Kalen DeBoer says NIL money has “changed a lot” the recruiting landscape. Is this a good thing? And can UW compete?

When Nick Saban speaks, the nation takes notice.

This week, when asked how name, image and likeness policies have impacted college football recruiting, the Alabama coach and seven-time national champion told the Associated Press“I don’t think what we’re doing now is a sustainable model.”

Indeed, the “NIL” laws – which were instituted on July 1, 2021 – were intended to allow college athletes to make a profit through autograph sales, sponsored social media posts, personal streaming channels, classes/training camps, speaking engagements, promotional appearances, personal merchandise, endorsement deals and more.

They were not intended to allow donors to buy recruits.

Specifically, the NCAA policy includes a “pledge to avoid payment for gambling and inappropriate inducements related to choosing to attend a particular school.”

But without effective enforcement, NIL payments have become an undeniably powerful recruiting tool.

“It creates a situation where you can basically buy players. You can do that by recruiting,” Saban said. “I mean, if that’s what we want college football to be, I don’t know.”

Last month, Athletic reported that an anonymous five-star recruit from the Class of 2023 had signed an NIL deal that could earn him more than $8 million by the end of his first year – in exchange for public appearances, social media promotions and Moreover.

For top-notch prospects — such as five-star Rainier Beach offensive lineman Josh Conerly Jr., who was widely expected to pick USC before committing to Oregon last week — NIL incentives can add up to a point. shift in the recruitment process.

So, in this landscape, how can Washington compete?

“From a year ago to where it is today, I’m sure there are a lot of things that we would never have imagined,” the football coach said on Friday. UW, Kalen DeBoer. “I’m sure that will also change over the next six to 12 months. We probably don’t know what it will be in a year.

“You have to adjust and keep staying the course and doing the right thing. The word “sustainable” is probably worth questioning: is it or not? It seems at the rate it’s going, I think at the current rate, there are a lot of places where it would be difficult (to compete). If you get it right and build a good base – in our case, what we have around us – it can be sustainable.

Particularly if your program is aided by a “NIL Collective” – ​​donor-funded companies created to generate NIL offers for a university’s athletes – such as Montlake Futures (UW), Division Street (Oregon), Rising Spear (Florida State), Happy Valley Talent (Penn State), The Foundation Ohio (Ohio State), High Tide Traditions (Alabama) and many more.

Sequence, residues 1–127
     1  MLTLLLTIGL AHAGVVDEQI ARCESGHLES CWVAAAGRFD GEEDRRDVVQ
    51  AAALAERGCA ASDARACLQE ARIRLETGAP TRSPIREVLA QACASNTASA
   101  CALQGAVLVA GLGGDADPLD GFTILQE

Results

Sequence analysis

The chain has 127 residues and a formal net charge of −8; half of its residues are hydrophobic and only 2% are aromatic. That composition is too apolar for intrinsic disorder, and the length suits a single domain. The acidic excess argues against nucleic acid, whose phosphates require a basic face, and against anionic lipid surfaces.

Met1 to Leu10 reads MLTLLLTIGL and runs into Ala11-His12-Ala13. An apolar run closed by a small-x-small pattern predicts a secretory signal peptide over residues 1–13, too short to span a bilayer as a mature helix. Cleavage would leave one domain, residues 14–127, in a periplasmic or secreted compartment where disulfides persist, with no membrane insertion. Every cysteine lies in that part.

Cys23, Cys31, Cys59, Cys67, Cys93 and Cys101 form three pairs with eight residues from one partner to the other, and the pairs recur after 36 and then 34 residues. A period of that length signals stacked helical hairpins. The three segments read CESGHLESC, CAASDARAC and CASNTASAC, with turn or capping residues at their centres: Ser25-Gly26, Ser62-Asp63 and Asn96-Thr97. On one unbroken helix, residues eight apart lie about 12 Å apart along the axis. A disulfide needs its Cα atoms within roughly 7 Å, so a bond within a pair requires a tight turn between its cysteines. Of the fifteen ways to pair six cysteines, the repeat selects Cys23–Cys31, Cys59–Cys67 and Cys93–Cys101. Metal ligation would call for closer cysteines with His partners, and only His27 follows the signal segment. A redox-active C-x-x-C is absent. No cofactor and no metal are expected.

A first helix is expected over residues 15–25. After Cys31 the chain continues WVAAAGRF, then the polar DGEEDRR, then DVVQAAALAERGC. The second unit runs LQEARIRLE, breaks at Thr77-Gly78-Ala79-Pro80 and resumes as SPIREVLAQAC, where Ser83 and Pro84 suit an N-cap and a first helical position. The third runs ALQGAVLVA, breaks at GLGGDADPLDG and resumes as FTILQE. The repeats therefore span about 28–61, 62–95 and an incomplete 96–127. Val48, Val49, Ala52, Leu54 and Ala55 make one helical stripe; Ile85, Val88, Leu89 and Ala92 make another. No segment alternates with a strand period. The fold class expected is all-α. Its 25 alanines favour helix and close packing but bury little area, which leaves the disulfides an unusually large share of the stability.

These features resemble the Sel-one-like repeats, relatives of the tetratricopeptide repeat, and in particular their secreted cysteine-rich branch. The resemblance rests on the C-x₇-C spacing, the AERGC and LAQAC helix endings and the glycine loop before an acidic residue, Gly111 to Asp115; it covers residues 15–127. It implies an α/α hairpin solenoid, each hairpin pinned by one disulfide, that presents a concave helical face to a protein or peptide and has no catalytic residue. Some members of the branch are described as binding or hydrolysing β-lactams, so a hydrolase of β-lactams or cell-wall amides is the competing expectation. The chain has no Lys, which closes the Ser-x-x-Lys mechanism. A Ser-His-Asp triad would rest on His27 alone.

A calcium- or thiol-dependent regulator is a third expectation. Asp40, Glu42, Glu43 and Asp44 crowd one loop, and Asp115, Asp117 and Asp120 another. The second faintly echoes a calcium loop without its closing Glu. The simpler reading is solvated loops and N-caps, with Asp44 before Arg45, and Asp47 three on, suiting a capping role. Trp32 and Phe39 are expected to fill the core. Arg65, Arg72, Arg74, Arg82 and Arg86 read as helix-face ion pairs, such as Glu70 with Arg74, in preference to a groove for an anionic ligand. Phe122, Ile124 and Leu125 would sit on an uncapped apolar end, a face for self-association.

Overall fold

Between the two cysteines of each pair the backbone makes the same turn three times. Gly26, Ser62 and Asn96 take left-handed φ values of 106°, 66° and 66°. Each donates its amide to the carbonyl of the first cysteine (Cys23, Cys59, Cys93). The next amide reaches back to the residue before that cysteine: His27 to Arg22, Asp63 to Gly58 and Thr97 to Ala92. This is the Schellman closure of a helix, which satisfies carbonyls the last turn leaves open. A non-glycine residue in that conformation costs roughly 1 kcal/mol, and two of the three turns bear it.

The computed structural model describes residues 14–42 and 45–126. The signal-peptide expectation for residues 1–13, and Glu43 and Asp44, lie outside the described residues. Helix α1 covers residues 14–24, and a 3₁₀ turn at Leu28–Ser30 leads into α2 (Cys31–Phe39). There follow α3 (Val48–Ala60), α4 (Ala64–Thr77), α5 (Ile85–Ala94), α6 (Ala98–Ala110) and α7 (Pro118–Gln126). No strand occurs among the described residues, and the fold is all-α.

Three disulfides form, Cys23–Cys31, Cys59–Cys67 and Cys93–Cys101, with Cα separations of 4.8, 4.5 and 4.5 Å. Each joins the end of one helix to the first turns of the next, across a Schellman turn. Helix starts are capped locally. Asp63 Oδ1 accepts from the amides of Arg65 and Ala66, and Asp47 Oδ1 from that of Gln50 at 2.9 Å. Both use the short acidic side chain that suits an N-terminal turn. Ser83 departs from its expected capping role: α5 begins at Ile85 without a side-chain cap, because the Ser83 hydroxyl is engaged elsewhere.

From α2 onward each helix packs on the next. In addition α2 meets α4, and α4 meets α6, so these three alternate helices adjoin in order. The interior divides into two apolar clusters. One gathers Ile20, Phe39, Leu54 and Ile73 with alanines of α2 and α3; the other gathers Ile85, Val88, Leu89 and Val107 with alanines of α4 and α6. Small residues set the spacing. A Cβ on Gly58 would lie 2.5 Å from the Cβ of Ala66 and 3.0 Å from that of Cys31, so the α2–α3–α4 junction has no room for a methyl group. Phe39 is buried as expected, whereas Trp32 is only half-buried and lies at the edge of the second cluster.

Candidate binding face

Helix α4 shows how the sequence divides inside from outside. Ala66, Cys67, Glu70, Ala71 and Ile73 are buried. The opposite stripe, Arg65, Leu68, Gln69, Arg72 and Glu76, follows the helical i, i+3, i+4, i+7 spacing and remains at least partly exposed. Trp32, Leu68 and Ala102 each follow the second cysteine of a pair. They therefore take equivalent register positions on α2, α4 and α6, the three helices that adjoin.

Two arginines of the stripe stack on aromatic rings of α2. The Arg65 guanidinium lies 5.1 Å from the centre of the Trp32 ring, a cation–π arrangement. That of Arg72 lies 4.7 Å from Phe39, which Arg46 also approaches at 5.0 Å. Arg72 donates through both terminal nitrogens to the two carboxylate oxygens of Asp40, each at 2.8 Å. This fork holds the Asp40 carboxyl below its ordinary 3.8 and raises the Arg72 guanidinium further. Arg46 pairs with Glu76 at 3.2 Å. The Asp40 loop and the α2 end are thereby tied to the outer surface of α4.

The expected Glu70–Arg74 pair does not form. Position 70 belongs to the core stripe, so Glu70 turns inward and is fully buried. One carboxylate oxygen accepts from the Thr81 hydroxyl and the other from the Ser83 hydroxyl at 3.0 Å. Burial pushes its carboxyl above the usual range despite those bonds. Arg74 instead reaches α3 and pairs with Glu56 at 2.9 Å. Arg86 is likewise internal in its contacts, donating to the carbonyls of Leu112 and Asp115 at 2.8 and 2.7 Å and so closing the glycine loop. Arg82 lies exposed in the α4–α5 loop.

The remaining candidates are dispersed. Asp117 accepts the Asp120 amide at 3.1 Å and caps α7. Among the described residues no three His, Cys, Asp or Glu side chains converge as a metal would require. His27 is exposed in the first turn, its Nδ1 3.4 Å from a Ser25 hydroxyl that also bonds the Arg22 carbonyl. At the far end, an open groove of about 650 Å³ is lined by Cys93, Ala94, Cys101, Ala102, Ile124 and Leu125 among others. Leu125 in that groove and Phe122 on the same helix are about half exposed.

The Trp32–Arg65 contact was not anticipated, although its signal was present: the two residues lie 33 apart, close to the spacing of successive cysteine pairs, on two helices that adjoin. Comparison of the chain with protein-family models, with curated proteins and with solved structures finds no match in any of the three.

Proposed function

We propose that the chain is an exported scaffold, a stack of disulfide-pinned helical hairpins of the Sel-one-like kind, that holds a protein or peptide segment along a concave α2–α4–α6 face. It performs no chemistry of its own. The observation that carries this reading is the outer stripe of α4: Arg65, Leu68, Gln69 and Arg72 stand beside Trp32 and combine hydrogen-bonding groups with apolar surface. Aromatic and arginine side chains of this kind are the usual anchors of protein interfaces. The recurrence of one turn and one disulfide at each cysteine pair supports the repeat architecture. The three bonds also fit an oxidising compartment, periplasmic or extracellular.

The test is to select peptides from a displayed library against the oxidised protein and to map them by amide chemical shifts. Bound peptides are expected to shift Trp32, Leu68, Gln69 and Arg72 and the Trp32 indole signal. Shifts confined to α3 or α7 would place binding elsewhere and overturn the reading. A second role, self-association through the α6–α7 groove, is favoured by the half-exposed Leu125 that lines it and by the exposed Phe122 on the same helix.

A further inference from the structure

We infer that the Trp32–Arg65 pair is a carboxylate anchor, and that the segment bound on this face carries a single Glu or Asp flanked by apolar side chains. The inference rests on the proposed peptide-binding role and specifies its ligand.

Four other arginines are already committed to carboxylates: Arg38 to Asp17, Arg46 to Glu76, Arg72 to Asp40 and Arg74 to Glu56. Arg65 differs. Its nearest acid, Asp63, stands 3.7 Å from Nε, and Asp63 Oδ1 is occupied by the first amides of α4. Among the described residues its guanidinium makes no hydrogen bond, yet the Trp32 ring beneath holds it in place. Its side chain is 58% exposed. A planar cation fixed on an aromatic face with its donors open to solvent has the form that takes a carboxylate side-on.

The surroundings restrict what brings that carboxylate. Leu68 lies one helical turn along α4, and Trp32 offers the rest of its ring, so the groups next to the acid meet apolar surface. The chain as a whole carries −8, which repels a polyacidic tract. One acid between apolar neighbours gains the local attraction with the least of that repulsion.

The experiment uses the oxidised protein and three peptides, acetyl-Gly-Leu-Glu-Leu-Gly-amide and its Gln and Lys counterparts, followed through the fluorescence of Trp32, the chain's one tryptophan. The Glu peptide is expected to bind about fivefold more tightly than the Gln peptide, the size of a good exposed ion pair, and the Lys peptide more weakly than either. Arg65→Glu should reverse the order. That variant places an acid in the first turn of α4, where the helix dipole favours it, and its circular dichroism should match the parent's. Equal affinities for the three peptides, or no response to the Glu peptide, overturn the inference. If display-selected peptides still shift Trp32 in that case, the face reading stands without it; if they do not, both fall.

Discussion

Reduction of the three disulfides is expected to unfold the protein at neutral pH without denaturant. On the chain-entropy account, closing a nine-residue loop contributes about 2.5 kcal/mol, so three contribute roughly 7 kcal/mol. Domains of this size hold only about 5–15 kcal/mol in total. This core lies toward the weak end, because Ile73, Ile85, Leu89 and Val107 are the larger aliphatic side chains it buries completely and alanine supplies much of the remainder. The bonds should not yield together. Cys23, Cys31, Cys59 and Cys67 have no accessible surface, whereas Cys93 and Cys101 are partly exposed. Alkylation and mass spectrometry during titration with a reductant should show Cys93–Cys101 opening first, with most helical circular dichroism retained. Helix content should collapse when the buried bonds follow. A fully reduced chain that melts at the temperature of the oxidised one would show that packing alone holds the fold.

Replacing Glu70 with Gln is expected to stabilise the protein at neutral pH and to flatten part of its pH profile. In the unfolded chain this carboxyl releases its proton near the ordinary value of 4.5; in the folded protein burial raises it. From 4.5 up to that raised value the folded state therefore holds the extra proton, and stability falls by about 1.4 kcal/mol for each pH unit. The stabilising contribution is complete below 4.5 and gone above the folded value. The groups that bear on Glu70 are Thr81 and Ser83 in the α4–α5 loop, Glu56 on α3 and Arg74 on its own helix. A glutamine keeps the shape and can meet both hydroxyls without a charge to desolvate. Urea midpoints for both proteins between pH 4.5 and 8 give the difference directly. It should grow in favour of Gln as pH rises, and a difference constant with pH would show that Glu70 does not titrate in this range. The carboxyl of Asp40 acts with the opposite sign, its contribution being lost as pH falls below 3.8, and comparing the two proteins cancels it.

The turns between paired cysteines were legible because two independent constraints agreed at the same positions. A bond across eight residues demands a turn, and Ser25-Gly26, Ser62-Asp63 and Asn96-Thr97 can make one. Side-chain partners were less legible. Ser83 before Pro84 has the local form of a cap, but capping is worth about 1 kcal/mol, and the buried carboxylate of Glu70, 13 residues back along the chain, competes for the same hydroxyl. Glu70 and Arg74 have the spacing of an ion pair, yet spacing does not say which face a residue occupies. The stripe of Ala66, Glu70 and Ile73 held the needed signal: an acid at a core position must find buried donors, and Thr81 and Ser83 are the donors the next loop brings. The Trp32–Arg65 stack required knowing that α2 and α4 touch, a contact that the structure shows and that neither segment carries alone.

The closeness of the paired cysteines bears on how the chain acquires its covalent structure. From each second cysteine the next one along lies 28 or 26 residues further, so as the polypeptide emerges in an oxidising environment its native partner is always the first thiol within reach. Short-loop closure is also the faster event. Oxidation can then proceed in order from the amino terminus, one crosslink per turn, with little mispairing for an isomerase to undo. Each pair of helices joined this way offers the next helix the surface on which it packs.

“No matter what casual sports fans or coaches think student-athletes gain from rosters, they are 10X (undervalued),” Blake Lawrence, founder of marketing platform NIL Opendorse, told The Athletic last month. “While $2 million (a year) is crazy, $200,000 isn’t, but most people think they’re getting $20,000.”

When it comes to the recruiting landscape, USC coach Lincoln Riley lamented at the Los Angeles Times last week that NIL “completely changed” it. In every sense of the word, it’s different.

Similarly, DeBoer added that NIL “is part of almost every conversation (with rookies) in some form or way. It’s changed the landscape a lot. Hopefully we can get back to where our team and our current lineup is for intent, where they can build on it. I totally agree. You said the word sustainable. We need to make sure it can continue that way.”

There are also fears that particularly invested donors could soon influence the lists in even more significant ways. Ole Miss coach Lane Kiffin told The Associated Press that “there are going to start to be potential issues from donors and collective groups saying they want the A player from their area. And the technical staff want player B.”

The hope, for many current coaches, is that regulations will emerge to remove NIL incentives from college football recruiting.

But once this door is open, it is difficult to close it.

“There was no doubt that it was going to seep into recruiting at some point,” Riley said. “I think anybody who cares about college football isn’t really happy with that because that wasn’t the intention; we all understand that. Many people expressed concern when NIL appeared that there had to be a plan for this, and instead we instituted NIL without any plan for this, which is why we are where we are.

“I’m sure at some point there will be a market correction, if you will, with recruiting. I hope there will be, because in a perfect world, they stay separate.

Still, when the subject of NIL is brought up by rookies, DeBoer said “we want to be at the forefront and we want to be aggressive in sharing with them that these opportunities exist here as well.”

For now, that’s all DeBoer can do.

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